Gov. Kasich speaks at UD, commends business program

By: Mike Brill – Staff Writer

Ohio Governor John Kasich and Ohio Tax Commissioner Joseph Testa spoke to a group of entrepreneurship students Tuesday about the Kasich administration’s proposed tax plan.

University President Dan Curran, Interim Provost Paul Benson and School of Business Administration Dean Paul Bobrowski welcomed Gov. Kasich to Miriam Hall. Kasich greeted the entrepreneurship students as he entered, asking Blend Express employees and audience members about their career aspirations and hometowns.

Kasich began by speaking to the entrepreneurship students about his time attending the Ohio State University. Access to top OSU administrators was difficult when he was a student, as Kasich found when he was repeatedly ignored by the OSU president’s secretary in his request to schedule a private meeting with the president. Kasich was persistent, however, and the secretary relented and granted him a short meeting with the president.

Kasich spoke to the president about his difficulty deciding his major his first year. The president described his position to the 18-year-old Kasich, and mentioned that he was flying to Washington, D.C., the following week to visit then President Richard Nixon in the Oval Office.

Kasich asked to join him on this trip, a request that was denied. Kasich, however, convinced the university president to deliver a letter to Nixon on his behalf. Kasich received a letter two weeks later, inviting him to the Oval Office to meet with Nixon“I was in Congress 18 years, and those five minutes in the Oval Office have been the peak of the time I have spent there,” Kasich said. The governor attributes his inspiration to beginning a career in government to this moment in the Oval Office.

Kasich switched topics to his plan to create tax breaks for some small business owners. The tax changes are a part of Kasich’s 2016-2017 fiscal year budget, which the administration has titled “Blueprint for a New Ohio.”

The plan would exempt owners of businesses with less than $2 million in annual gross receipts from the state’s personal income taxes. It would also decrease every Ohioan’s income tax by 23 percent.

This tax cut would be paid for by an across-the-board sales tax increase from 5.7 percent to 6.25 percent, a $1 increase in the sales tax on packs of cigarettes, a tax increase on oil and gas drillers and new sales taxes on currently untaxed industries. The proposal would create a net $500 million tax cut.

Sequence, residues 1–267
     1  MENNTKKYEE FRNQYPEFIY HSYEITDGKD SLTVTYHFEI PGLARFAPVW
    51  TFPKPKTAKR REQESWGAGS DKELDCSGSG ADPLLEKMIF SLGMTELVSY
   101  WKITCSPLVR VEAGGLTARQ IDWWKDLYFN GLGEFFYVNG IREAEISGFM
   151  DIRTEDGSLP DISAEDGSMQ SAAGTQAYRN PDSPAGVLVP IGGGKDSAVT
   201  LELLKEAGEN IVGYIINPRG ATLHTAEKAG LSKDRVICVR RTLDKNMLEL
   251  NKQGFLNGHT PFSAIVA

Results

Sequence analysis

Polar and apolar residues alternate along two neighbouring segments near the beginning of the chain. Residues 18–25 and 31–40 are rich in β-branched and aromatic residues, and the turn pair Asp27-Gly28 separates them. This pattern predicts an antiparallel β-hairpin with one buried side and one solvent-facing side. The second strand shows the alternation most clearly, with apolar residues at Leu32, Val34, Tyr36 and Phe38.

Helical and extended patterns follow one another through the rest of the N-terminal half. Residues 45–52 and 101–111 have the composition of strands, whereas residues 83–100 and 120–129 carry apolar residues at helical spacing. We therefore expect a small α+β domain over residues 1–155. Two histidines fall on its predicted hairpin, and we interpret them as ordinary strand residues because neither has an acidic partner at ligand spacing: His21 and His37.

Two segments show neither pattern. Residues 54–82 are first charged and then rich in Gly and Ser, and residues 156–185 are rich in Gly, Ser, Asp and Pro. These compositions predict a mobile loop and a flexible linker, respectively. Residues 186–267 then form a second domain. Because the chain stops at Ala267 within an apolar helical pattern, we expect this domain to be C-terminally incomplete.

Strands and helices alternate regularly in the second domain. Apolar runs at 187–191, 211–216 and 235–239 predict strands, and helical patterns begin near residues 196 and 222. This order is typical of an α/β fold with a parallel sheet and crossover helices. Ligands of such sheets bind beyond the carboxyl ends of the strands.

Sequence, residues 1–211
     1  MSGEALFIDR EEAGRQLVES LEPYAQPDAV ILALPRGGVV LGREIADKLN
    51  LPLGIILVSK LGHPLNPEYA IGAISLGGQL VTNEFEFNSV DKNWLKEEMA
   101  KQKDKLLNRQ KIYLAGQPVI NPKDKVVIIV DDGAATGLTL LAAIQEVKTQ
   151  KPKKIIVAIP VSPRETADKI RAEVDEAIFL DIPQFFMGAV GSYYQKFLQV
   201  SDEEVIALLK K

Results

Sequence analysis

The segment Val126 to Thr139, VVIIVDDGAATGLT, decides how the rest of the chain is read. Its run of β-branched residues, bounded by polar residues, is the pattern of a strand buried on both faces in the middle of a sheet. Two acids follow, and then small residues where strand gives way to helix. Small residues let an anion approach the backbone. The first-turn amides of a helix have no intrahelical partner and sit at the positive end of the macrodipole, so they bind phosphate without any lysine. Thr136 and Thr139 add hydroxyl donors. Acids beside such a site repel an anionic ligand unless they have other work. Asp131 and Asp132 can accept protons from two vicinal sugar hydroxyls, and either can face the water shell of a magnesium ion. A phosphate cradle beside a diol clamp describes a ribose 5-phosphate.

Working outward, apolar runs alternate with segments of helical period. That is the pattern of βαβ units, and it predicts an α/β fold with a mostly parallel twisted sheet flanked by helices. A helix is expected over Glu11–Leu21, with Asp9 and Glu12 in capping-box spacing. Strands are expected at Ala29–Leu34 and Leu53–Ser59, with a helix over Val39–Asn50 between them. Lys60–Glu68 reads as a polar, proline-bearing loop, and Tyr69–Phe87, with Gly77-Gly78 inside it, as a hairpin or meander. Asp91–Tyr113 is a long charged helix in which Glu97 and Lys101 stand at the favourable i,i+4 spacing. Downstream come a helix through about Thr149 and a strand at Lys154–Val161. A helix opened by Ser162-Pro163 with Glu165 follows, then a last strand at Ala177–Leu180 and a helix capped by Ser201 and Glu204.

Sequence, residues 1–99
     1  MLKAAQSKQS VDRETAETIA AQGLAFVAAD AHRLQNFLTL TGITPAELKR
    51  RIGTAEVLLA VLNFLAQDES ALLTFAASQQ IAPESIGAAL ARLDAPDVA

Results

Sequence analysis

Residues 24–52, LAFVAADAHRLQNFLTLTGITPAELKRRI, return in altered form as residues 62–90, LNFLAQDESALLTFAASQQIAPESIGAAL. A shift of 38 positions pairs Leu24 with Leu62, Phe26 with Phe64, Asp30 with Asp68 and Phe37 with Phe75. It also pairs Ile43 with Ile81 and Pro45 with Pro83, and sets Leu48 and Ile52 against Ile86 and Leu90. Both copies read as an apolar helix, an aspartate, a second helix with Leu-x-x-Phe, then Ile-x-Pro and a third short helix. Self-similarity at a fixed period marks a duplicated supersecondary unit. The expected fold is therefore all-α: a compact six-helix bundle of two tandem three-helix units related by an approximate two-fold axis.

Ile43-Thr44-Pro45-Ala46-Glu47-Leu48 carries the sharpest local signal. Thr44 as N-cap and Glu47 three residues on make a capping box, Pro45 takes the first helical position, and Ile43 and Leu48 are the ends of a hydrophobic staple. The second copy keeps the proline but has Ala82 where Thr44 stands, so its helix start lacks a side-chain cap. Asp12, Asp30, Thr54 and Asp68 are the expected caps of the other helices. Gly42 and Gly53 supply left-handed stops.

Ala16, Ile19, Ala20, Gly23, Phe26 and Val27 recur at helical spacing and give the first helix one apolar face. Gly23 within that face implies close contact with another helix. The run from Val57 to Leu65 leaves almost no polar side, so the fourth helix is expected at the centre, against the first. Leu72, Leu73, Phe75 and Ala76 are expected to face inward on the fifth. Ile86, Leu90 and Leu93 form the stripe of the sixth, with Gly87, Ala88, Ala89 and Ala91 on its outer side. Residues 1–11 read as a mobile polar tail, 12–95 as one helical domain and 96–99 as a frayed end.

The goal of Kasich’s tax plan is to incentivize Ohioans to open small businesses.

“Small business is the glue that ties our communities together,” Kasich said. He emphasized the tax plan would help small businesses create jobs, saying Ohio has gained over 600,000 jobs under his tax policies.

“The income tax is the biggest job killer,” Testa said. He noted the individual income tax makes up 35 percent of the state’s annual revenue, which he believes is a sign state government has become too reliant on income taxes, the proceeds of which may vary year-to-year as Ohioans’ earnings change. The Kasich administration’s proposal would help shift the state from an income tax system to a consumption-based system.

Kasich and Testa hope these small business tax cuts encourage students to stay in Ohio after graduation. They emphasized the importance of having Ohio students use their skills as businesspeople or workers to help benefit the state.

“What would it take for you to stay?” Kasich asked students. Many students responded by saying they wanted to return home to be near their families, while others said they would be looking for a business-friendly environment after graduation. The governor said he is working to create such an environment.

The event also highlighted the School of Business Administration’s Entrepreneurship program, ranked 13th nationally by The Princeton Review, and two of its students, Annie Kyne and Jessica Kerr.

Kyne and Kerr are both involved with the Flyer Angels program, which allows students to make private equity investments in Ohio-based technology ventures. They are also business plan competition elevator pitch winners.

“We are both really excited about Gov. Kasich’s entrepreneurship initiatives,” Kerr said.

Kasich had one final compliment for the school’s entrepreneurship program before he left.

“You’ve got to be nuts not to participate in this program,”  Kasich said.